Limits...
Romidepsin for the treatment of relapsed/refractory peripheral T-cell lymphoma: pivotal study update demonstrates durable responses.

Coiffier B, Pro B, Prince HM, Foss F, Sokol L, Greenwood M, Caballero D, Morschhauser F, Wilhelm M, Pinter-Brown L, Padmanabhan Iyer S, Shustov A, Nielsen T, Nichols J, Wolfson J, Balser B, Horwitz S - J Hematol Oncol (2014)

Bottom Line: Of the 19 patients who achieved CR/CRu, 10 had long-term (≥ 12 months) responses; none of the baseline characteristics examined-including heavy pretreatment, response to prior therapy, or advanced disease-precluded long-term responses to romidepsin.With a median progression-free survival of 29 months, patients who achieved CR/CRu for ≥ 12 months had significantly longer survival vs those with CR/CRu for < 12 months or < CR/CRu.Extended treatment and longer follow-up did not affect the reported safety profile of romidepsin.

View Article: PubMed Central - HTML - PubMed

Affiliation: Hospices Civils de Lyon, Lyon, France. bertrand.coiffier@univ-lyon1.fr.

ABSTRACT

Background: Romidepsin is a structurally unique, potent, bicyclic class 1 selective histone deacetylase inhibitor approved by the US Food and Drug Administration for the treatment of patients with cutaneous T-cell lymphoma who have received ≥ 1 prior systemic therapy and patients with peripheral T-cell lymphoma (PTCL) who have received ≥ 1 prior therapy. Approval for PTCL was based on results (n = 130; median follow-up, 13.4 months) from the pivotal study of romidepsin for the treatment of relapsed/refractory PTCL. The objective is to present updated data (median follow-up, 22.3 months) and to characterize patients who achieved long-term responses (≥ 12 months) to romidepsin.

Methods: Patients with PTCL who relapsed from or were refractory to ≥ 1 prior systemic therapy received romidepsin 14 mg/m2 as a 4-hour intravenous infusion on days 1, 8, and 15 every 28 days for up to 6 cycles; patients with response or stable disease could continue romidepsin beyond 6 cycles. The primary endpoint was rate of confirmed/unconfirmed complete response (CR/CRu) determined by an Independent Review Committee. Secondary endpoints included objective response rate (ORR) and duration of response (DOR). For patients who achieved CR/CRu, baseline characteristics by DOR (≥ 12 vs < 12 months) were examined.

Results: The ORR to romidepsin was 25%, including 15% with CR/CRu. The median DOR for all responders was 28 months (range, < 1-48+) and was not reached for those who achieved CR/CRu. Patients with lack of response or transient response to prior therapy achieved durable responses with romidepsin. Of the 19 patients who achieved CR/CRu, 10 had long-term (≥ 12 months) responses; none of the baseline characteristics examined-including heavy pretreatment, response to prior therapy, or advanced disease-precluded long-term responses to romidepsin. With a median progression-free survival of 29 months, patients who achieved CR/CRu for ≥ 12 months had significantly longer survival vs those with CR/CRu for < 12 months or < CR/CRu. Extended treatment and longer follow-up did not affect the reported safety profile of romidepsin.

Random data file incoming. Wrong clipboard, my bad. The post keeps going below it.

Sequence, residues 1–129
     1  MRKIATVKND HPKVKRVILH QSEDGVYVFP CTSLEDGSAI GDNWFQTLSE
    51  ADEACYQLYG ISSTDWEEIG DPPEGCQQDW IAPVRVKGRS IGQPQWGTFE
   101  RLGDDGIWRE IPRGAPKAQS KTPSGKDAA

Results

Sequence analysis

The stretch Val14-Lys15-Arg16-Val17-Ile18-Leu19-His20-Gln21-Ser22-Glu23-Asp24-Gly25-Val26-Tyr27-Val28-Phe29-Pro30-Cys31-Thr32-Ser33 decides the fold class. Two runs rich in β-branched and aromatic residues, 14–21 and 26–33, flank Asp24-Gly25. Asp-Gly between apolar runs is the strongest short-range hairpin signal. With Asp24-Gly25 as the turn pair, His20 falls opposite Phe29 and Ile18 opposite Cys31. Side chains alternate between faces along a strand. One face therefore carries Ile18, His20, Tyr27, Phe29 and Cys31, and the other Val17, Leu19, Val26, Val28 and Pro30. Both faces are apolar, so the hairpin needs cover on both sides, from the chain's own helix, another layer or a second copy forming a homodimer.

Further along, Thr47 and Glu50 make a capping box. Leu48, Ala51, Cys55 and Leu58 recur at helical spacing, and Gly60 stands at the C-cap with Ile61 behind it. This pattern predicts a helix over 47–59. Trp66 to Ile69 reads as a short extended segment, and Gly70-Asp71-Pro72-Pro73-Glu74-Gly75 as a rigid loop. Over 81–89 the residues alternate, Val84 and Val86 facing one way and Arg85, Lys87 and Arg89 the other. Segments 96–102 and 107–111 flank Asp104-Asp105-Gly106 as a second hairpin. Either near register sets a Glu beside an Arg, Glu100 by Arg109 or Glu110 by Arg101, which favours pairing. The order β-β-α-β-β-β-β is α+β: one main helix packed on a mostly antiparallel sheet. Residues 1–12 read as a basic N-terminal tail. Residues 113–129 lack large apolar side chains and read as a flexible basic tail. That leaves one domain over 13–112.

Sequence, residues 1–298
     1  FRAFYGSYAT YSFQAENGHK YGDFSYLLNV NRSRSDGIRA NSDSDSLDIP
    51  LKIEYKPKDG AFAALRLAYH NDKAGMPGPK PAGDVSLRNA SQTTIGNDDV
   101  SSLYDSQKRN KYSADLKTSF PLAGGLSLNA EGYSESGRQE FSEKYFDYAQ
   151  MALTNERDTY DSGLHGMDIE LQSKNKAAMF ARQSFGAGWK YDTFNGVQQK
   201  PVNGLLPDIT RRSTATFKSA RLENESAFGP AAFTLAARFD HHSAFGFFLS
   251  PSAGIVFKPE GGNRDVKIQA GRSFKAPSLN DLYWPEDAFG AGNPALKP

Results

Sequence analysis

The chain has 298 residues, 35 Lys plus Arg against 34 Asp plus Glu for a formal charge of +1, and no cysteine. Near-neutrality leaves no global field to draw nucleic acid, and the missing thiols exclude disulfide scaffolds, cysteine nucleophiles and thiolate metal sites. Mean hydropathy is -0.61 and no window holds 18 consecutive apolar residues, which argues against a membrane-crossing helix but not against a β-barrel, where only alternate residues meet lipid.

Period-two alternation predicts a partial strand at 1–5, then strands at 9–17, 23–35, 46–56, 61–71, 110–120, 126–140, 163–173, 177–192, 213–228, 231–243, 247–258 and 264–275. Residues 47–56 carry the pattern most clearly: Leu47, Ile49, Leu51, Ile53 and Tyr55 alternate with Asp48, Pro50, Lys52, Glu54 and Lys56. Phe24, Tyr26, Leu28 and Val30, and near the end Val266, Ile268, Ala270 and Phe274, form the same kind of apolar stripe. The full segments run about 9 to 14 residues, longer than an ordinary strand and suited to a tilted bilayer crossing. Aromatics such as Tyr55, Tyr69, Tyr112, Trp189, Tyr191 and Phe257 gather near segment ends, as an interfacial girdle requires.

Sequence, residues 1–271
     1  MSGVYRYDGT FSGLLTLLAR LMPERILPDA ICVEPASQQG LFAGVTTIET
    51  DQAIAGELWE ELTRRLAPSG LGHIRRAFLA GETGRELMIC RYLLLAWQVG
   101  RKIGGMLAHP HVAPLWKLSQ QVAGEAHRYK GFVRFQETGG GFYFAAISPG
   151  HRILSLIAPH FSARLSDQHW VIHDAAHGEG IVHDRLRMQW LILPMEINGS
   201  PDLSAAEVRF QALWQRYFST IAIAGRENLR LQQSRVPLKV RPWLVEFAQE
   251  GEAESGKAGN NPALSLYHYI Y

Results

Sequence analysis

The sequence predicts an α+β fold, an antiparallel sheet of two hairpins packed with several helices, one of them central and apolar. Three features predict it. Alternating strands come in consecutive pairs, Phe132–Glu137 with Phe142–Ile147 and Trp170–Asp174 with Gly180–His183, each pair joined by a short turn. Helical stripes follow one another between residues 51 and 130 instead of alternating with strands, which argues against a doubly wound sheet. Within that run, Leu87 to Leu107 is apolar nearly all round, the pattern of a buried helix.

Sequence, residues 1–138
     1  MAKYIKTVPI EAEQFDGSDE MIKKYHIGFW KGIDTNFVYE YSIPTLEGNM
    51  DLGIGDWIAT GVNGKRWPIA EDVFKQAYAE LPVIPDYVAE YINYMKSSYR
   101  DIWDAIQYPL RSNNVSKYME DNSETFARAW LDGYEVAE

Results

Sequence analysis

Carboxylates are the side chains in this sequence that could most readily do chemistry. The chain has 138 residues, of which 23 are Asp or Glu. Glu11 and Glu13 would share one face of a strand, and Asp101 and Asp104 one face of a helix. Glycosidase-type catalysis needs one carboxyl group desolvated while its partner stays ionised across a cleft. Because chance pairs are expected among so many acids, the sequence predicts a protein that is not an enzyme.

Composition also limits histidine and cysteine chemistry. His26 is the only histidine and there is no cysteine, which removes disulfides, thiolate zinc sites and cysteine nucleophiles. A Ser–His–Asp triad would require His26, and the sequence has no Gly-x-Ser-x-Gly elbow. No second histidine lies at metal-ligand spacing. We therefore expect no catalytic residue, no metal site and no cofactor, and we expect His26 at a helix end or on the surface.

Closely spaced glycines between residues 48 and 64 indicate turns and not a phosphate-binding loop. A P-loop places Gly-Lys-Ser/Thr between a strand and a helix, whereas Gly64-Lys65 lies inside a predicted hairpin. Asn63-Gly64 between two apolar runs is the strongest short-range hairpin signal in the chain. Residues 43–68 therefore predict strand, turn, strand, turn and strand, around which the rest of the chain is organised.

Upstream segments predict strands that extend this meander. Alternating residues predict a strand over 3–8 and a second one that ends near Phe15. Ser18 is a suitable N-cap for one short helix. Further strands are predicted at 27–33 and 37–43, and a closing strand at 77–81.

Conclusions: Treatment with romidepsin leads to highly durable responses in a subset of patients with relapsed/refractory PTCL, with responses ongoing as long as 48 months.

Show MeSH

Related in: MedlinePlus

Durations of response for the 3 most common subtypes of PTCL in patients who achieved a response (CR or PR). ◦ Indicates a censored patient.
© Copyright Policy - open-access
Related In: Results  -  Collection

License
getmorefigures.php?uid=PMC4016573&req=5

Figure 1: Durations of response for the 3 most common subtypes of PTCL in patients who achieved a response (CR or PR). ◦ Indicates a censored patient.

Mentions: Most responses were noted at the first response assessment (2 months), and the median time to response as assessed by the IRC was 1.8 months (range, 1.4-5.3 months). The median DOR for all patients who achieved a response by IRC (n = 33) was 28 months (range, < 1-48+) and had not been reached (range, < 1-48+) for those who achieved CR/CRu (n = 19). One patient with a reported DOR < 1 month discontinued treatment to receive SCT after the first response assessment of CR. Of the 19 patients who achieved CR/CRu, 53% had a DOR ≥ 12 months and 32% had a DOR ≥ 24 months. Responses were durable across the 3 most common PTCL subtypes (Figure 1), and no statistically significant differences in DOR were observed. For patients with progressive disease (PD) to their last prior therapy (n = 49), the median DOR on romidepsin had not yet been reached for all patients who achieved a response (n = 14) or for patients wxho achieved CR/CRu (n = 9).